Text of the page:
It hasn’t been a banner season for Marky Delgado. After a 2017 campaign that was the best of his career, things just haven’t quite gone the 23-year-olds ways this year.
There was the miss. Then there were injuries. Through all of it Jonathan Osorio, the player he largely beat out for minutes last season, has been impossible to take out of the lineup. If Delgado started all thirteen remaining games he still wouldn’t surpass his 2017 starts total.
Saturday against the Chicago Fire, however, was a distinct reminder of why Delgado is such an important piece of the Toronto FC puzzle. The midfielder’s attributes are often critical to Toronto FC playing at its best.
Delgado started the match on the bench, with Osorio, Victor Vazquez and Michael Bradley all starting ahead of him. Those weren’t illogical selections, and all three deserve to be in Toronto FC’s best eleven.
But after a sluggish first half, it was clear Toronto needed a spark if they were to secure a critical three points against their Eastern Conference rivals. A substitution which brought on Delgado for fullback Ashton Morgan did the trick.
“The first half we didn’t create many chances, a lot of our actions were going backwards because the way they were defending us our free player was behind the ball at all times,” said Greg Vanney after the match. “So we weren’t able to find the extra number or open guy to play forward to.”
Adding in an extra midfielder, Delgado, threw off Chicago’s man marking system, according to Vanney. But Delgado also helped solve the problem by doing what he does best, quickly distributing the ball forward, while also providing the midfield with balance.
Delgado has never necessarily been the player playing the final pass or taking shots on target. But his role in the buildup that creates these chances cannot be understated.
Of players who have played at least 400 minutes this season, Delgado is second in the entire league in expected buildup per 96 according to American Soccer Analysis. Basically, this is a stat that measures the total expected goals of sequences that a player is involved in, not including movements where that player took, or assisted on, a shot.
In other words, he is crucial to creating chances for Toronto FC with his ability to transition the ball from back to front. That was on full display in the second goal the reds scored against the Chicago Fire on Saturday.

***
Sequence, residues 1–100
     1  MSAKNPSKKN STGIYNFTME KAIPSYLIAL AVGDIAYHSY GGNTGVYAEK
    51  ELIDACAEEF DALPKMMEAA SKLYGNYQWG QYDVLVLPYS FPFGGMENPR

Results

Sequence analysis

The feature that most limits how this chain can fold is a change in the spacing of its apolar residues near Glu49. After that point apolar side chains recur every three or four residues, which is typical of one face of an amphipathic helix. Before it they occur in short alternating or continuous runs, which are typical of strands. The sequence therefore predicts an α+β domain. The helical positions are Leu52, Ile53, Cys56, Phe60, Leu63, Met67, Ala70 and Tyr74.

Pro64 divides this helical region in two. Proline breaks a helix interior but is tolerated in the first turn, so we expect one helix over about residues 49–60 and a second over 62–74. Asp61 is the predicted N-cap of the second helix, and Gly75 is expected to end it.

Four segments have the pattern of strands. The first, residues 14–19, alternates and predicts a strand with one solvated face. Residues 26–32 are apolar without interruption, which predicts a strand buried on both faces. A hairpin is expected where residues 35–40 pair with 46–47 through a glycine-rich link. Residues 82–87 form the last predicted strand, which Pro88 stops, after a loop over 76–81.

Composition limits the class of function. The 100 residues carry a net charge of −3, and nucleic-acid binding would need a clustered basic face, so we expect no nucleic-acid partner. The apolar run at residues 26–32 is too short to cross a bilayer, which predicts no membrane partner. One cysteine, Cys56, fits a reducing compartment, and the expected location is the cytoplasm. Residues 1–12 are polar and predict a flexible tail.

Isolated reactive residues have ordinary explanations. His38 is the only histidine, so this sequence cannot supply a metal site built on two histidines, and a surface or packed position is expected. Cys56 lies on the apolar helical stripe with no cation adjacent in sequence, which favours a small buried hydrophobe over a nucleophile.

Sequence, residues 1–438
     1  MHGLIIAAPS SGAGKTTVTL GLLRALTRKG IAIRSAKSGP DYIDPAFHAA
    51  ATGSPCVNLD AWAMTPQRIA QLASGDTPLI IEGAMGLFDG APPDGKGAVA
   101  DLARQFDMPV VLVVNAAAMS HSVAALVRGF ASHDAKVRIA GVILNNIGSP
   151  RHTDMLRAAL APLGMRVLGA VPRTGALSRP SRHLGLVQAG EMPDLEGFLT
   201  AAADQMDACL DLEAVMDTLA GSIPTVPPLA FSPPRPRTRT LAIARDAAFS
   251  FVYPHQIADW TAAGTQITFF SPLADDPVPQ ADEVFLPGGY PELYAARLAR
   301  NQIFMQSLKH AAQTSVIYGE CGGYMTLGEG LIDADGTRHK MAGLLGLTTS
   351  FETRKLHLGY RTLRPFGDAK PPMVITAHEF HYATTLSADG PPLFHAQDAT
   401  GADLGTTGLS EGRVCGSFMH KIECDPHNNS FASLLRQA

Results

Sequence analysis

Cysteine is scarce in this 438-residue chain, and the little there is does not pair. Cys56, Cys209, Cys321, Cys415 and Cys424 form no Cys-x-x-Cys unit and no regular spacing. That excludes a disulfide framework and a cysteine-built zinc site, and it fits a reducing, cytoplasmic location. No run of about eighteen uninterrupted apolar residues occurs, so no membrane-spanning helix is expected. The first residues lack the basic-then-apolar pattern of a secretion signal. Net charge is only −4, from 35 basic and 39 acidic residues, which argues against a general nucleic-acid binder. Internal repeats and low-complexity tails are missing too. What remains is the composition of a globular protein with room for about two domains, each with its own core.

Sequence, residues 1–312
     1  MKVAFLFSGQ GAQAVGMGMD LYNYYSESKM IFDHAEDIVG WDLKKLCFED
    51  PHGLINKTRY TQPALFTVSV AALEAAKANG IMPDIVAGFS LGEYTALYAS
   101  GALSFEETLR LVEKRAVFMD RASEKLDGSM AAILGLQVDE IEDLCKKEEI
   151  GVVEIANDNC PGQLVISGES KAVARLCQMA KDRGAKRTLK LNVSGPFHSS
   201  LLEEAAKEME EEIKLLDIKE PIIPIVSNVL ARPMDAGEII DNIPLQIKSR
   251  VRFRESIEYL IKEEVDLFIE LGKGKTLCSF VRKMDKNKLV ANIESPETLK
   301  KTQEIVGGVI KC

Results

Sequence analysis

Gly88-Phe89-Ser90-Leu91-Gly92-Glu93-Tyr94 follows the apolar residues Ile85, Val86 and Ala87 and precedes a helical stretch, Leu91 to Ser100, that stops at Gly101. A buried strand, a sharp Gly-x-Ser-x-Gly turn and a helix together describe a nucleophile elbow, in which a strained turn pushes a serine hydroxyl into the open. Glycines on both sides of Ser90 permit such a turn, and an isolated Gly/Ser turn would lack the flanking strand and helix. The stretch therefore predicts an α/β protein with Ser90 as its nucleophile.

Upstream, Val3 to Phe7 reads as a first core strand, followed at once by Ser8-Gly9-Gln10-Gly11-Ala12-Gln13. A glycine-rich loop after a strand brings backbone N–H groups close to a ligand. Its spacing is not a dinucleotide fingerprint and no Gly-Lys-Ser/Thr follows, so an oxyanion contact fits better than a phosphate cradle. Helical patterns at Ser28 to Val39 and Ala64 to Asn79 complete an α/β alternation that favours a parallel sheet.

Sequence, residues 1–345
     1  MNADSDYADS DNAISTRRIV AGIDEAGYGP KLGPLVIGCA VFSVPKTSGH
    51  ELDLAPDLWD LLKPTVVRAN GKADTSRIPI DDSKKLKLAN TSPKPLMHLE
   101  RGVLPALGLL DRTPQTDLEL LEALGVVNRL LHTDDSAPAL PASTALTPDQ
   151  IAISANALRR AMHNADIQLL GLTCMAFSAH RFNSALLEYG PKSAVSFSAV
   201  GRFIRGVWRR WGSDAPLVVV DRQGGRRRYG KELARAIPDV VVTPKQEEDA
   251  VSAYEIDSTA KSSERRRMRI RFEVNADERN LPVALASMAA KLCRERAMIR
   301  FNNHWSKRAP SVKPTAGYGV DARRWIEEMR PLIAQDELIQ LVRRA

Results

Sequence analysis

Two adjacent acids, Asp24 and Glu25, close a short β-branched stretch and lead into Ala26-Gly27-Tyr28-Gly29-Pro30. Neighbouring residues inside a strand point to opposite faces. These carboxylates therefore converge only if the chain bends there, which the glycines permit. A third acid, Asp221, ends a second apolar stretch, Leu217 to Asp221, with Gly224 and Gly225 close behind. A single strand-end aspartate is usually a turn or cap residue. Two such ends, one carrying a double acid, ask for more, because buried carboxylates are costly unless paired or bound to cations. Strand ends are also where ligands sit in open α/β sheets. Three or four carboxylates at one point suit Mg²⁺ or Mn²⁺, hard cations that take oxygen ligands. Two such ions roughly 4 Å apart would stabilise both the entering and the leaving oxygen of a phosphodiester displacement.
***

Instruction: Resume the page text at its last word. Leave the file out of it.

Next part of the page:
Delgado takes the ball from van der Wiel and plays a beautiful pass down the line to Jozy Altidore, which opens up the space for the rest of the movement. It wasn’t on the scoresheet, or any of the highlights even for that matter, but it was a critical pass in the move.
In fact, Delgado was involved in all three goals Toronto FC scored on Saturday. On the first it was his header that Altidore eventually bundled into the back of the net, then on Sebastian Giovinco’s goal, it is Delgado’s run that creates the space for a shot.
Having Delgado on the field also frees up played like Victor Vazquez, Jonathan Osorio and even Justin Morrow to focus more on the offensive side of the game. Without Delgado, the midfield can lack a bit of balance needed between offence and defence.
As mentioned earlier, Vazquez and Osorio have become basically undroppable at this point, so it might be time for Vanney to turn to the four man midfield again. It hasn’t worked much for Toronto this season, not that much has, but Toronto also hasn’t been this healthy since the Champions League campaign.
At the very least, if the 3-5-2 isn’t working, expect Delgado to be the first player off the bench to try and fix things the way he did on Saturday.
His name might no appear on the scoresheet, or mentioned in the highlights. He hasn’t been quite as consistently good as he was last season. But if Toronto FC are going to make the playoffs, they are going to need Marky Delgado on the field.